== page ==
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Medical device innovation and forward looking technology

Spaer Medical Limited – Case Study

Spaer Medical has 20 years of medical device innovation and product development experience and specialises in oximtery (SpO2/NIRS), ECG, and NIBP (inc. cNIBP/cCO) monitoring.

Dr Jamie Watson, Managing Director, tells us about his passion for invention (named inventor on over 130 issued US patents)
and the thrill of being part of the technology journey from concept to launch.


What has been your career path?

Academically, I have a Physics degree from Leicester University, a Masters in AI from London University and a PhD in neural network applications from Napier University.

In 2001, I co-founded a startup called CardioDigital with a colleague from Napier, Paul Addison, and we received a couple of rounds of funding from the Wellcome Trust’s Techology Transfer fund. Initially our focus was on analysing the ECGs of fibrillating myocardia and predicting cardioversion outcome.

However, in 2008 we were bought by a large US bluechip called Coviden because of our patented wavelet algorithms, which could extract breathing rate from a pulse oximetry signal.

In a ten year career at Covidien (later Medtronic), I became more specialised in oximetry and was made a Technical Fellow in 2012 and Chief Scientist of the Nellcor franchise in 2017. I left Medtronic in 2018 after a year of constant travel and very little science before spending two years in a contractually enforced exile from medical research.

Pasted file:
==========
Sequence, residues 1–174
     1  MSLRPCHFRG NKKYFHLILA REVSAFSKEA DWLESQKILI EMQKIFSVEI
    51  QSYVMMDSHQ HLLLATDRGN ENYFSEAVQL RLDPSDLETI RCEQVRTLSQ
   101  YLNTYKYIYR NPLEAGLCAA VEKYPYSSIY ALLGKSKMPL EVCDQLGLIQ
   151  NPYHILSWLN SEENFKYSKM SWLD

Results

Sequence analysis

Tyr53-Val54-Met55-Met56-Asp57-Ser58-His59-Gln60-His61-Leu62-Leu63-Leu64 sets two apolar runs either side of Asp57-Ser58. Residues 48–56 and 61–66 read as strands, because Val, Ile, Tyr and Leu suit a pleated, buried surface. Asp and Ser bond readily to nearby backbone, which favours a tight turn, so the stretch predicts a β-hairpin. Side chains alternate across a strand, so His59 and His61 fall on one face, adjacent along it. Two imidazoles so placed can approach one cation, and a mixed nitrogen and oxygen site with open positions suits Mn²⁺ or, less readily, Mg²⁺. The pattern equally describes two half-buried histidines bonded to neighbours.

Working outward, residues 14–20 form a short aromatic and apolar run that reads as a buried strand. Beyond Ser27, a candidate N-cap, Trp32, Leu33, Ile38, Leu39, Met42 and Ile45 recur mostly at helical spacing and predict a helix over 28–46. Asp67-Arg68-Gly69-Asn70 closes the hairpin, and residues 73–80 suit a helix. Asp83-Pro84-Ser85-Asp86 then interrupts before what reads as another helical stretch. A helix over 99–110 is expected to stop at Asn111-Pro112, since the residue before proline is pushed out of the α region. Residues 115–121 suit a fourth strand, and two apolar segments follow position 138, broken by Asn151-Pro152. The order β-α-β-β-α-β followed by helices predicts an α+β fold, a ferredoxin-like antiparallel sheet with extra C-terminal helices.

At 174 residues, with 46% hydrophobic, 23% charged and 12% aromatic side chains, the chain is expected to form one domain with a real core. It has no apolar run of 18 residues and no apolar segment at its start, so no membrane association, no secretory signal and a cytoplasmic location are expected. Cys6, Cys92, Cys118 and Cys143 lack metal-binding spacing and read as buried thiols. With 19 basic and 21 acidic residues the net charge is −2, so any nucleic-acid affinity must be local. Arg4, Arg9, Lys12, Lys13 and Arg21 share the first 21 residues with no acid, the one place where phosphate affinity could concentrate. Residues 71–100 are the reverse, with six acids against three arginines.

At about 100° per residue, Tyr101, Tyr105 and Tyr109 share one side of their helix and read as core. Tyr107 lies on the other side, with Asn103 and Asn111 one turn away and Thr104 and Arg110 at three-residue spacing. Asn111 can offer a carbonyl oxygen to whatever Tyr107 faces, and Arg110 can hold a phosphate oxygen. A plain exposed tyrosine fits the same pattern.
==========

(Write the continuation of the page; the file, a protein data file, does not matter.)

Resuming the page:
In 2020, after being asked for some help by ex-Medtronic colleagues, I started Spaer Medical as a specialist algorithm consultancy.

Tell us about some of  your career highlights…

Although I’m named inventor on over 130 issued US patents, I have to admit this was largely due to ‘right-time, right-place’. I’m probably most proud of my first as co-inventor on the respiration rate patent that is currently being commercialised by Medtronic under the Nellcor brand. As well as inventor, I was a principal engineer during development, the R&D rep on the regulatory submission team and provided post launch support to the sales and marketing team.

Being part of a journey from concept, as a startup’s sole employee, to global launch by the worlds largest medical device company was a rollercoaster, but certainly also a highlight.

Other highlights would be becoming a Technical Fellow at Medtronic and being nominated as the UK representative on the ISO oximetry working group. Becoming Chief Scientist of Nellcor, if only for a year, was also a huge personal honour.

The story behind Spaer Medical…

As a member of the Edinburgh investment community, I’ve seen a great many companies promising to demonstrate a clinically useful, wearable, monitoring device.

Almost all of them involve taking a high acuity monitor, already available in the OR or ICU, and miniaturising it for low acuity use. Virtually these ignore secondary parameters derivable from the collected signals, and quote “AI” as the way useful information will be extracted. Very few have a solid grasp of the competitive landscape and fewer still know the regulatory obstacles they are likely to face.